Introduction: Sonic Information Design and the Mapping Problem
Sonic information design refers to the application of design research, as defined by Trygve Faste and Haakon Faste in 2012, to sonification, an auditory display technique in which data is mapped to non-speech sound for the purpose of representation or communication. In this context, design research is taken to involve “the process of knowledge production that occurs through the act of design” (Faste and Faste 2012). Where visual information design is generally concerned with the presentation of information in a manner that can be effectively and efficiently understood (Horn 1999), sonic information design "pays particular attention to user experience including physical, cognitive, emotional, and aesthetic issues; the relationship between form, function, and content; and emerging concepts such as fun, playfulness and design futures" (Barrass and Worrall 2016).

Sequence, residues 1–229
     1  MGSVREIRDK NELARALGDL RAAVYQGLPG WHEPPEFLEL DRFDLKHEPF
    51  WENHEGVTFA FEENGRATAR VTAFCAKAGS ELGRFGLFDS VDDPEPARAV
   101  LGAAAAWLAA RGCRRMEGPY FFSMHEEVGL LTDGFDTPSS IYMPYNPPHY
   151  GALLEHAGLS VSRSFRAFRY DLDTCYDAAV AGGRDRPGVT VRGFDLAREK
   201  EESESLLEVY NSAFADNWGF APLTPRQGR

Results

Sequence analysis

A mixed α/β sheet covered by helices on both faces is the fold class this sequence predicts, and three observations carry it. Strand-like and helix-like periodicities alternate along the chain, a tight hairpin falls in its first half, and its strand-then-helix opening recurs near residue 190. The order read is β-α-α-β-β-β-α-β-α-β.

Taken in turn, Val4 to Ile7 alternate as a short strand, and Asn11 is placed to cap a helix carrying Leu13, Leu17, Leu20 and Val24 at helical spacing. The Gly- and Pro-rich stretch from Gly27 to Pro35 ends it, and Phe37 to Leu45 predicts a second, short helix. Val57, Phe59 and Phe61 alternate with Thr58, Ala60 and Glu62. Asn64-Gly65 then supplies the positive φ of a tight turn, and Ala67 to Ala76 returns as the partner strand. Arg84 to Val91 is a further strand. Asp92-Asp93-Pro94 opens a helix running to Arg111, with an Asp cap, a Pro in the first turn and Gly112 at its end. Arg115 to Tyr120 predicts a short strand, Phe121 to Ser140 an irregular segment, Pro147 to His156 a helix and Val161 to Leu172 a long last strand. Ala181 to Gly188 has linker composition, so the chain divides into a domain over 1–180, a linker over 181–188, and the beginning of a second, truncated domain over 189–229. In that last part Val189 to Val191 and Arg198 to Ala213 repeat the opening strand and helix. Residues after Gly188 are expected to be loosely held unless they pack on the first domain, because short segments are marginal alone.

It is within this expanded context that a key challenge for effective parameter mapping sonification (PMSon) – the mapping problem – might be addressed. PMSon is a sonification technique in which data is mapped to auditory parameters such as pitch, amplitude, duration, or timbre in order to communicate the data to a listener (Grond and Berger 2011). The mapping problem was first introduced by John Flowers (2005), who noted that, in his experience, meaningful information does not necessarily arise naturally when the contents of complex data sets are submitted to sonification. This point is echoed by Florian Grond and Thomas Hermann (2012), who point out that because certain sounds can be interpreted in a number of ways and sonifications tend to represent phenomena that have no natural sonic referent, the practice of sonification often runs the risk of producing a perceptual experience that is too arbitrary in its form and dynamics to be clearly understood. From this point of view, the mapping problem is framed as a question of how a sonification or auditory display conveys an intended meaning to a listener. It is this particular aspect of the mapping problem (i.e. the conceptual framing) that we are concerned with in this article. Successfully addressing the problem may therefore involve a process of reducing the level of arbitrariness in data to sound mapping strategies, considering whether certain parameter mapping approaches may imply framing relationships which actually work against the structural dynamics of a given data set. In this regard, David Worrall (2013; 2014) argues that the mapping problem is further entrenched by some of the software tools used for sonification research and practice. Many of these tools (e.g. SuperCollider, CSound, Max) are borrowed from the field of computer music and are designed to control sound in terms of the parameters of Western tonal music, which, as Trevor Wishart (1996) argues, reduces the rich multi-dimensional spectra of musical discourse to just three primary dimensions: pitch, duration, and timbre. These parameters, Worrall argues, fail to account for embodied aspects of sonic discourse which he sees as critical to meaning–making, such as the micro-level gestural inflections that instrumentalists employ to add layers of performative punctuation – and, hence, information around structural or dynamic features – to a musical performance. Much as a successful Western classical music performance is not simply a mechanistic rendering of the pitch and timing information from a musical score, successful sonic information design may involve consideration of how its data is framed by the performative punctuation of the mapping strategy.